As the above highlights, there are clear differences between LiDAR and photogrammetry.
Therefore, careful consideration is needed before deploying these drone mapping techniques for DTM, DSM and DEM generation.
LiDAR, for instance, is particularly effective for capturing DTM data, compared to photogrammetry - especially in high-vegetation areas.
Why? Because by its very nature, LiDAR can penetrate gaps between leaves and branches to reach ground level, therefore obtaining more accurate data of the terrain.
In contrast, vegetation can hinder drone photogrammetry from acquiring an accurate representation of what the ground topography looks like: In essence, it will just capture to top of the features protruding from the earth's surface.
This excellent graphic below - created by Ben Bishop, Technical Director at Flythru Limited - shows the difference between LiDAR and photogrammetry for DTM generation.
In this example, the LiDAR data is pink and the photogrammetry is blue. Notice how the photogrammetry does a great job in capturing the tops of trees, but cannot compete with the LiDAR when it comes to obtaining terrain information in the areas obscured by the vegetation.
For this reason, photogrammetry becomes more effective for DSMs.
Remember, DSMs represent both natural and built features on the earth’s surface, such as tree canopy and vegetation changes.
Therefore, the high-resolution images collected during a photogrammetry mission are beneficial for building these types of maps. But LiDAR, too, can also be utilised for DSMs.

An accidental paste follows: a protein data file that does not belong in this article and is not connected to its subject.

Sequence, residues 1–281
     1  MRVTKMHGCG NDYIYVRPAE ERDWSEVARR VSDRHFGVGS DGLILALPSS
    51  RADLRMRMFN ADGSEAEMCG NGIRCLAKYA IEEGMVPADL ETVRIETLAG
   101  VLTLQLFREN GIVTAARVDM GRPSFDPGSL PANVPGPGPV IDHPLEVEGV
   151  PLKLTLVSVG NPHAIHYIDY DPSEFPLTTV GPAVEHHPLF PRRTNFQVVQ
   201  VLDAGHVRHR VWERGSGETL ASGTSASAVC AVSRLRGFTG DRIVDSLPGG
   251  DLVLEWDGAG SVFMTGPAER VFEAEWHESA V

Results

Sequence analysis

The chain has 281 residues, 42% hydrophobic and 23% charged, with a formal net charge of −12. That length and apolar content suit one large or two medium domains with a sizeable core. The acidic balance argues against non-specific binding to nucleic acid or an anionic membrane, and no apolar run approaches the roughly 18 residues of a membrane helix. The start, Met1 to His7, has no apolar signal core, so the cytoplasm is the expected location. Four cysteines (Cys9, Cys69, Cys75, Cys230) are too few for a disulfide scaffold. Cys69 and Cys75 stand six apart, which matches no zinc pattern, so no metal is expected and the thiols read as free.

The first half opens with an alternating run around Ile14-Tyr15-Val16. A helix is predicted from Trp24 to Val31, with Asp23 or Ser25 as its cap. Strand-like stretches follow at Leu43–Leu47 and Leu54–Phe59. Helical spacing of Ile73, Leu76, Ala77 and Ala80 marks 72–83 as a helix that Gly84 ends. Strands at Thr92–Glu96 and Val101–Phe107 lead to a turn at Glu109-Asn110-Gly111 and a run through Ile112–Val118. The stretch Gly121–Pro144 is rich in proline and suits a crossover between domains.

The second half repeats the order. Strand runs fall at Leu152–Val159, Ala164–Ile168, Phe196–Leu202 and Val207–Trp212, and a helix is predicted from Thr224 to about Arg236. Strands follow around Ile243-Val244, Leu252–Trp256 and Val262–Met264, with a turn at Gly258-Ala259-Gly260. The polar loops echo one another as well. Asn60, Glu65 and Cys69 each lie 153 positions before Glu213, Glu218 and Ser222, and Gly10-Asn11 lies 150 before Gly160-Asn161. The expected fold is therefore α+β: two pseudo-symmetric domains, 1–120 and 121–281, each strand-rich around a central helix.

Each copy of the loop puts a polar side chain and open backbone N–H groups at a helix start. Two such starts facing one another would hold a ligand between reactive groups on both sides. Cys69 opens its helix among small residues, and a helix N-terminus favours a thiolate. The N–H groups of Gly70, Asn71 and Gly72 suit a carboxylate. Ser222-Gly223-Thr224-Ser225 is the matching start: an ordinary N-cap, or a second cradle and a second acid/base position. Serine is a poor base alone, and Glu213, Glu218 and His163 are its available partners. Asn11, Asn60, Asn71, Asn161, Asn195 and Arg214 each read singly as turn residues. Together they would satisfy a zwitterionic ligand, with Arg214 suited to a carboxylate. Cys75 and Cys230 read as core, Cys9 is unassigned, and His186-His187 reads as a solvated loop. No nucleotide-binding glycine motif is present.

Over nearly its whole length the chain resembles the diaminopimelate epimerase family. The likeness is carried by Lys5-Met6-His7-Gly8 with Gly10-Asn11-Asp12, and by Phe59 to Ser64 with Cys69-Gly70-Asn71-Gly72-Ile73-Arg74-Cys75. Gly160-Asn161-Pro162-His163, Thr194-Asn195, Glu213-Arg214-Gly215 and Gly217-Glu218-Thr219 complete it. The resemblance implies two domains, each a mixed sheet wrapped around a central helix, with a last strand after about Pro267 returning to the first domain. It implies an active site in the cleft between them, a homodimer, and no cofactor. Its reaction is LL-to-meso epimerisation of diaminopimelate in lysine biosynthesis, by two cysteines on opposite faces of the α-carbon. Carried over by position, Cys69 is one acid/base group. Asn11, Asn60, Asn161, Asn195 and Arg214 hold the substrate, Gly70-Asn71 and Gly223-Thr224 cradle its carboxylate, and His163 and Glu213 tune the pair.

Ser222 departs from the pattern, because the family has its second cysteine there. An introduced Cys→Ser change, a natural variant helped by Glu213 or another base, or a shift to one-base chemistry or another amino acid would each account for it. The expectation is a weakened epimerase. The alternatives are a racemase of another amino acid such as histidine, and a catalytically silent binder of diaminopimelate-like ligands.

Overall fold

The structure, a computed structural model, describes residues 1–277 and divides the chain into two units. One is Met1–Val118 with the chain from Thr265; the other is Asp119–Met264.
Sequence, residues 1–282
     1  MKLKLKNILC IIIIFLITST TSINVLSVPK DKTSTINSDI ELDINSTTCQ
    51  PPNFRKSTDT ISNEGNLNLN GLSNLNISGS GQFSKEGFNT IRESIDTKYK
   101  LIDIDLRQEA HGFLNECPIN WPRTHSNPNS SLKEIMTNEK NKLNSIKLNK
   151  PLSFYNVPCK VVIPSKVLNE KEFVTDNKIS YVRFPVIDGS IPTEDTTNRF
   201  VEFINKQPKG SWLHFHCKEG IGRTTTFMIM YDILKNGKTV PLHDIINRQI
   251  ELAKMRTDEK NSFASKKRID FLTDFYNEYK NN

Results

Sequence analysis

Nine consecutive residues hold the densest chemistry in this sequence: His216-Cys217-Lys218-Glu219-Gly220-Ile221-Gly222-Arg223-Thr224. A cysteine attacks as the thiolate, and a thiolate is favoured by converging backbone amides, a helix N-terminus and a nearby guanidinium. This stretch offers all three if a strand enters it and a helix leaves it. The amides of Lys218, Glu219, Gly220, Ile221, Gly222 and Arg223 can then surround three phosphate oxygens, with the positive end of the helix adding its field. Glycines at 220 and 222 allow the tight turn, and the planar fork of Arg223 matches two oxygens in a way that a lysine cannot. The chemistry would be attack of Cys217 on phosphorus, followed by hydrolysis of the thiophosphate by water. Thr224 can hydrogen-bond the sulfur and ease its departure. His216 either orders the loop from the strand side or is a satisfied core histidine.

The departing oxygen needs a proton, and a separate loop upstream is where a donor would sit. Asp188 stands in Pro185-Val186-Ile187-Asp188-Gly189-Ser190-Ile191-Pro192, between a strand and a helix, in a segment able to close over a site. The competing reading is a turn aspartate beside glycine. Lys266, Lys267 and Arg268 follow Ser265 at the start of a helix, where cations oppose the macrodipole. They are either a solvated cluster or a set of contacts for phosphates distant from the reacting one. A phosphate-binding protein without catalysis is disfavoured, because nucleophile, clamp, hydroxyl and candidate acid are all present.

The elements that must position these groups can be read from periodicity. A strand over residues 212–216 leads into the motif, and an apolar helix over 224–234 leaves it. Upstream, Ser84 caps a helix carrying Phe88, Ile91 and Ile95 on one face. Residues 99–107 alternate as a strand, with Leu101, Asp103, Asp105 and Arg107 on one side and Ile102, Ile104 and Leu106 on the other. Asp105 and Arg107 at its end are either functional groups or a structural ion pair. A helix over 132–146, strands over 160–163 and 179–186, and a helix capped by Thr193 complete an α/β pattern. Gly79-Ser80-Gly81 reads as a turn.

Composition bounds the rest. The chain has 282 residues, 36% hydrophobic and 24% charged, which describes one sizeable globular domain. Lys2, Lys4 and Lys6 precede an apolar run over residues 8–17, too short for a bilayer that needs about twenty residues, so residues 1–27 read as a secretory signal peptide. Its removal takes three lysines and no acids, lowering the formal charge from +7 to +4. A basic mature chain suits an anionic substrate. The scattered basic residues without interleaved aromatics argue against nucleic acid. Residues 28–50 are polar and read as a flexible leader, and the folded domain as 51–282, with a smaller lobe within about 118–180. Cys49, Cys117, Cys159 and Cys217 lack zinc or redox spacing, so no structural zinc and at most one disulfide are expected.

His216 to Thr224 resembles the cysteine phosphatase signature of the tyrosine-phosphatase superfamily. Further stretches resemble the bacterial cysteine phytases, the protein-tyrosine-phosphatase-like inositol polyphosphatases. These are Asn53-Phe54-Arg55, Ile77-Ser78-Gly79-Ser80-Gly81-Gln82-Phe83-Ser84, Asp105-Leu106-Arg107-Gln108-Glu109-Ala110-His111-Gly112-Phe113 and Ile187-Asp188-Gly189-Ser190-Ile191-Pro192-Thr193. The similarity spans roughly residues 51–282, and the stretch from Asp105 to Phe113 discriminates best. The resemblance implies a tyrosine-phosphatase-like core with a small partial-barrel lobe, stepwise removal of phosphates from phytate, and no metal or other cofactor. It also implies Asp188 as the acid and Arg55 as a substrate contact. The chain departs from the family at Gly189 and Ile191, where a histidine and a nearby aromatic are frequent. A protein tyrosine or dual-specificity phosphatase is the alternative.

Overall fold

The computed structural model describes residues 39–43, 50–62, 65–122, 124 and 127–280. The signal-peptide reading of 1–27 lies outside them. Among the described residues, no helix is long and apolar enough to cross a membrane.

Best Drones For DEMs, DSMs and DTMs
DJI has engineered numerous drones for aerial surveying missions, in particular the M300 RTK and Phantom 4 RTK.
Out of these, the M300 RTK is best suited to creating these models as it can be integrated with photogrammetry and LiDAR cameras.
The M300 RTK coupled with the P1 or L1 makes aerial surveying highly accessible - especially in the case of LiDAR data capture. And, thanks to a combination of the drone's enhanced endurance and the cameras' individual specs, this pairing presents an incredibly efficient mapping solution, covering large areas in short spaces of time.
Meanwhile, the Phantom 4 RTK is a compact and low-altitude drone surveying solution, but has a fixed 20MP photogrammetry camera. Therefore, while it is an effective drone surveying tool, it lacks the versatility of the M300 RTK as it cannot be integrated with LiDAR.
DEMs, DSMs and DTMs - Types of Applications
DEMs - incorporating DSMs and DTMs - are critical in areas such as infrastructural management, hydrology managing coastal erosion, archeology, flow-direction studies, land-use and city planning, and following landslides.
Drones, DEMs, DSMs and DTMs - Summary
Drone surveying has become a major industry application and DEMs, DSMs and DTMs can form an important part of mapping projects.
Unmanned aircraft make it easier to collect the data needed for these types of models.
Choosing between a DEM, DSM and DTM is dependent on what type of information you require, while deciding between photogrammetry and LiDAR is also a key consideration.
But like all data outputs associated with drone surveying, these digitised assets, provide rich insights about your job site which can drive decision-making and ROI.